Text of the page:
A Novel Smart Walker For Gait Rehabilitation

F. Anaya Reyes, A. Narayan, D. Shuo, S. Han, S. Bhattacharya, H. Yu
National University of Singapore,

Keywords: Stroke, Rehabilitation robotics, Gait recognition, Wearable sensors, Smart walker.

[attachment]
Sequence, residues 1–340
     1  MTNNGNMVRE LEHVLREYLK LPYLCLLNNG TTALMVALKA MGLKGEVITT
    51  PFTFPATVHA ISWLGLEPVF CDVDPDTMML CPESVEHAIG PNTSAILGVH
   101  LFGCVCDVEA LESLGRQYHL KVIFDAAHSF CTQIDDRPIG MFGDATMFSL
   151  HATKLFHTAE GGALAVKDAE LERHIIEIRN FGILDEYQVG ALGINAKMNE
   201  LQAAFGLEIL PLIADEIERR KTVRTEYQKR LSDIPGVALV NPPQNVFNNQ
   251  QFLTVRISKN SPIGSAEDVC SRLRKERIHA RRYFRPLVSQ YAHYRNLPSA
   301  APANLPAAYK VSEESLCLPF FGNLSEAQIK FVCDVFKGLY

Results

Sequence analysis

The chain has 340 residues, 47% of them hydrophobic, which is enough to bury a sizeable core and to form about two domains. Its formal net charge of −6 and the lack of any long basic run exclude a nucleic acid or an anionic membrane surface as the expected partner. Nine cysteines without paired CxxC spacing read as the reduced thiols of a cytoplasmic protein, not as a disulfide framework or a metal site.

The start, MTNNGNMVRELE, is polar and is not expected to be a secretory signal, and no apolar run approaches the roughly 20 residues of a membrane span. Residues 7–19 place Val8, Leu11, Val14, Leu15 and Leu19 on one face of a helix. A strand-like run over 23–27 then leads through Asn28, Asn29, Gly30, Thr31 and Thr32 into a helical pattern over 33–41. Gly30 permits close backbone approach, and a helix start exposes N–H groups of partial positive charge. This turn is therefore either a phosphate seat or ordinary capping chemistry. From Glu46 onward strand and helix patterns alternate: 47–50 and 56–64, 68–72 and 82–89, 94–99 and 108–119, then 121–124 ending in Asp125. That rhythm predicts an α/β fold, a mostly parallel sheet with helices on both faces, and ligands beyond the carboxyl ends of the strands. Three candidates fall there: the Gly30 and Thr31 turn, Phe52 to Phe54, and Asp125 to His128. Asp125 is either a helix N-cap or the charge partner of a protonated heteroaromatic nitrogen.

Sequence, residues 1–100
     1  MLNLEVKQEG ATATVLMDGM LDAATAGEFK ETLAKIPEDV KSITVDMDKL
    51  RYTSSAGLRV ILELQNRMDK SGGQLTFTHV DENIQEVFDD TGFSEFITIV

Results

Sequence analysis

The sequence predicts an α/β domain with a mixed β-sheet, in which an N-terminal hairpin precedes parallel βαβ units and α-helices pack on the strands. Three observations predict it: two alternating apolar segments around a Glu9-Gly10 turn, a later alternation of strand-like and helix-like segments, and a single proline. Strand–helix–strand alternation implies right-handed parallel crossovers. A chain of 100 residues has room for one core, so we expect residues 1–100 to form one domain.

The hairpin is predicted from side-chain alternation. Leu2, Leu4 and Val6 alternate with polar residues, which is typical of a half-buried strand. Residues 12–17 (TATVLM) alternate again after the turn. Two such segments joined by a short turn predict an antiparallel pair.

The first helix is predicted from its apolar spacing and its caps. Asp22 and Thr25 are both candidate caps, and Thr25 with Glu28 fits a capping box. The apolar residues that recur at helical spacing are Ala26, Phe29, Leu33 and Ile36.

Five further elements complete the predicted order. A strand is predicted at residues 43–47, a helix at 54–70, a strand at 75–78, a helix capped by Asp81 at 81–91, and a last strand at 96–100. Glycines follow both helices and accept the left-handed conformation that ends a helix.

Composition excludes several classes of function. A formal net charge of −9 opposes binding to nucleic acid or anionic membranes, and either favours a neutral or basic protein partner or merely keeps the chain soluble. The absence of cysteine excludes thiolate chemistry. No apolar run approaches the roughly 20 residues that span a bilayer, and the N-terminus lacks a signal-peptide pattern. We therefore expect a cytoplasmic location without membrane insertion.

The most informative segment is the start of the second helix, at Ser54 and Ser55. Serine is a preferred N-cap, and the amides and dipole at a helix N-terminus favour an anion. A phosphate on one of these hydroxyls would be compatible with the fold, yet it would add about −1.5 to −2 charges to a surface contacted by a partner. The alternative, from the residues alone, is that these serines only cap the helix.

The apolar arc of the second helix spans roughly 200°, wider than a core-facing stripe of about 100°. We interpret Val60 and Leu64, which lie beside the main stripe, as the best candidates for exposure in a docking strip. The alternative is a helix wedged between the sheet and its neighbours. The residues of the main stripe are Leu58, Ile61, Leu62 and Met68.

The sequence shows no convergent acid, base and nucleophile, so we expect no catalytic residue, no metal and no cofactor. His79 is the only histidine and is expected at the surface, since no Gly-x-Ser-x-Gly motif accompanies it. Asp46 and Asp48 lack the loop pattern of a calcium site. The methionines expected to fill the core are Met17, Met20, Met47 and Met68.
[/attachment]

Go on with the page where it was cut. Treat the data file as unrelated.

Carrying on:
Approximately two-thirds of stroke survivors have difficulty walking. Hemiplegia that often follows stroke is characterized by impaired balance, asymmetric voluntary movements, and severe muscle weakness or paralysis. Existing robotic platforms for ambulatory gait training typically provide balance and body weight support but lack mechanisms to improve gait speed. This is an important limitation because gait speed is the most common outcome measure for gait training after stroke. In addition, the ability of mobile gait platforms to provide stable body support trades off against mobility. Providing a stable support base for the patient's body usually requires a mechanical structure that is large and heavy. Consequently, the patient is subject to the inertial effects of the device. In this work, we present a novel mobile robotic platform with pelvic motion and trunk support for overground gait rehabilitation after stroke. The system consists of an omnidirectional platform with a body harness attached to it via a 6-axis force/torque sensor (FT). The platform has two rear actuated split-offset casters and two passive front wheels. The support frame for the FT sensor and harness is mounted on a linear drive to allow vertical movement of the trunk. We employ admittance control to compensate for the mass and dissipation effects of the moving robotic platform. In addition to its primary fall prevention function, our device combines two therapeutic interventions: forward propulsion of the trunk and partial body weight support (BWS). Forward trunk propulsion is performed with the help of a horizontal force that is modulated according to the patient's walking speed and turning rate to ensure easy adaptation. Robotic therapy is complemented by functional electrical stimulation (FES) to stimulate the ankle dorsiflexors during the swing phase. Lower limb kinematics and real-time gait event detection by inertial measurement units are performed to trigger the FES. In this way, the system takes into account natural variations in muscle response to stimulation. To verify the efficacy of the technology, we have conducted usability tests with patients who have suffered a stroke. We obtained evidence that the platform's assistance is effective in increasing self-selected gait cadence and speed, as well as improving temporal gait symmetries. The FES system, meanwhile, proved effective in compensating for joint motion deficits. At a minimum, the observed changes indicate that patients can adapt to movement in the walker without undue difficulty. These results suggest that the mobile platform may be an effective tool for gait training after stroke. However, the important research question is how much of the observed effects the patient will retain after completing a rehabilitation program with the walker. Future work includes a self-controlled study with multiple patients that should provide the answer to the retention question.